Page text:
Wednesday, June 26, 2013

The Supreme Court strikes down DOMA and lets Proposition 8 expire

          (The legal progress of same-sex marriage since 1970, from here.)

This has been a busy and complicated week for the Supreme Court, with two very significant 5-4 decisions.

On Tuesday the 5 Republican Justices struck a blow against democracy by gutting a key section of the Voting Rights Act.  (This was done cleverly, since they didn't straightforwardly throw out the protections embodied in the VRA, which was overwhelmingly re-authorized by Congress as recently as 2006, but issued a less obviously drastic ruling that effectively crippled those protections.)

Then today a 5-4 majority voted to invalidate the so-called Defense of Marriage Act, which barred federal recognition for same-sex marriages performed in states that allow them.  With a slightly different line-up of votes, the Court also declined to overturn a California court ruling against Proposition 8, which had banned gay marriage in the state.  These rulings add up to a major victory for the acceptance and institutionalization of marriage equality.  And, more generally, they probably represent a significant milestone in the long-term process by which the rejection of bigotry and discrimination against gays and lesbians is becoming part of the mainstream consensus.  In that respect, the transformation of public attitudes and legal norms over the past generation, in the US as well as other western societies, has been remarkable—one might almost say revolutionary.  I would describe this, without irony or equivocation, as a case of genuine moral progress.

In both of those 5-4 Supreme Court decisions, as in many other recent decisions, Justice Anthony Kennedy proved to be the swing vote.  The reasoning behind Kennedy's position in the DOMA case raises interesting issues (which have already been worked over by a lot of analysts), and perhaps I'll add my own two cents to that discussion sometime soon.

For the moment, I just want to quote from the reactions of Andrew Sullivan, an early and persistent advocate of putting marriage equality (which he presented as a fundamentally conservative reform project) on the agenda and pursuing it as a central political goal.  The idea looked quixotic at the beginning, and was derided and attacked from many ideological directions, but in the end it seems to have worked.  Sullivan deserves to feel some special satisfaction today:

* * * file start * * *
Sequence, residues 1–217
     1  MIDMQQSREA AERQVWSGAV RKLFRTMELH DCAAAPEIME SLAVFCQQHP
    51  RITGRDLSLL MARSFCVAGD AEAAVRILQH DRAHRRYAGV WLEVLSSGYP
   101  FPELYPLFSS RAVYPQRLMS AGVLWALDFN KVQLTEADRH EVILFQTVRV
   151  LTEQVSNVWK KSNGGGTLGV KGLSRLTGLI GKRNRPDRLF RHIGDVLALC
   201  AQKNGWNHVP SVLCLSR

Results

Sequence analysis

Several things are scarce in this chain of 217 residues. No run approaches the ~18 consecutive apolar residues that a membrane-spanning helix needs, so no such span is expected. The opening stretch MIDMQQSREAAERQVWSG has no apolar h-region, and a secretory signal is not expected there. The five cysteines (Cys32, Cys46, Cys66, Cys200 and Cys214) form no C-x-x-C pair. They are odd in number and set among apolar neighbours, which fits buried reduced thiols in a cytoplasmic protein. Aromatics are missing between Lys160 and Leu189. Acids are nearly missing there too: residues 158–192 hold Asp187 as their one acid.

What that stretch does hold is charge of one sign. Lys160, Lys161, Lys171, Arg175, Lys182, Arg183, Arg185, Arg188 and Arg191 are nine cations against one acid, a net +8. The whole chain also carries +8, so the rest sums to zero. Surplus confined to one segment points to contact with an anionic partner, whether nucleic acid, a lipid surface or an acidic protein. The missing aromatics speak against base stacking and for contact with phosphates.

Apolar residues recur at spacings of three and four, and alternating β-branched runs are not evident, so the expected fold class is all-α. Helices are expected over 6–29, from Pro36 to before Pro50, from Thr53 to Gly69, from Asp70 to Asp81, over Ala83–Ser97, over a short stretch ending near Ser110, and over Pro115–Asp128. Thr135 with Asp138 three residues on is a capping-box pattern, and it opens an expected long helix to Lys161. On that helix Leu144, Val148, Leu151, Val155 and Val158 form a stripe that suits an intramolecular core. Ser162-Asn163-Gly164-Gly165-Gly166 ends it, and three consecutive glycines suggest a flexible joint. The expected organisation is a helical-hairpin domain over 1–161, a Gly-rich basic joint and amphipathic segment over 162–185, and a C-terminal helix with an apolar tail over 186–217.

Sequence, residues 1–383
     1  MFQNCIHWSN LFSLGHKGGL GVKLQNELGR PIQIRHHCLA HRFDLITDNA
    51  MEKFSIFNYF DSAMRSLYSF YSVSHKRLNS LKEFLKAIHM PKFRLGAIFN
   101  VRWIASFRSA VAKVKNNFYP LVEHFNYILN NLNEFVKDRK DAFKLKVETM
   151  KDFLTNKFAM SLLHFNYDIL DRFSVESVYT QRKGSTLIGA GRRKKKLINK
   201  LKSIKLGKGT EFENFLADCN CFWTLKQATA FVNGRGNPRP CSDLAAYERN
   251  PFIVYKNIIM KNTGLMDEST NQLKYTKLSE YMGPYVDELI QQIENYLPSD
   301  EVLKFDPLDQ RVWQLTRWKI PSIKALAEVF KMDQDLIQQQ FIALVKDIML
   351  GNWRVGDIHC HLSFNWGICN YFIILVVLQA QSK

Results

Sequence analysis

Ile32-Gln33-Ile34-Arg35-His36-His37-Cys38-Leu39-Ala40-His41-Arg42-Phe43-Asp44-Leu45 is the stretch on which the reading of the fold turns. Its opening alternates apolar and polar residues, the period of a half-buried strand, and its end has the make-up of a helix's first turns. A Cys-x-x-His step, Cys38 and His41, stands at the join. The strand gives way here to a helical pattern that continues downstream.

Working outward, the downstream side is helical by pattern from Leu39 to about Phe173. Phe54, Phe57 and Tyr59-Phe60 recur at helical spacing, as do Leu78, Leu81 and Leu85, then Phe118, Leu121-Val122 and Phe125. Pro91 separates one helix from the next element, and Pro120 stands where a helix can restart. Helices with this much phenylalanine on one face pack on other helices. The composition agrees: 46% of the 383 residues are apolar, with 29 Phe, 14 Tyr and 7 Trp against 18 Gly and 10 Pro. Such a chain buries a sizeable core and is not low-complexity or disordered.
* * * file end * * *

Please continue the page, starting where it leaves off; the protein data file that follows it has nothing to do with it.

Some final thoughts after so many years of so many thoughts. Marriage is not a political act; it’s a human one. It is based on love, before it is rooted in law. Same-sex marriages have always existed because the human heart has always existed in complicated, beautiful and strange ways. But to have them recognized by the wider community, protected from vengeful relatives, preserved in times of illness and death, and elevated as a responsible, adult and equal contribution to our common good is a huge moment in human consciousness. It has happened elsewhere. But here in America, the debate was the most profound, lengthy and impassioned. This country’s democratic institutions made this a tough road but thereby also gave us the chance and time to persuade the country, which we did. I understand and respect those who in good conscience fought this tooth and nail. I am saddened by how many failed to see past elaborate, ancient codes of conduct toward the ultimate good of equal human dignity. I am reminded of the courage of a man like Evan Wolfson who had the vision and determination to change the world.

But this happened the right way – from the ground up, with argument, with lawsuits, with cultural change, with individual courage. I remember being told in the very early 1990s that America was far too bigoted a place to allow marriage equality – just as I was told in 2007 that America was far too bigoted a place to elect a black president. I believed neither proposition, perhaps because I love this country so much I knew it would eventually get there. I trusted the system. And it worked. From 1989 (when I wrote the first case for this on the cover of a national magazine) to today is less than a quarter century. Amazing, when you think of how long it took for humanity to even think about this deep wound in the human psyche.  [....]
A good day for all of us.

—Jeff Weintraub

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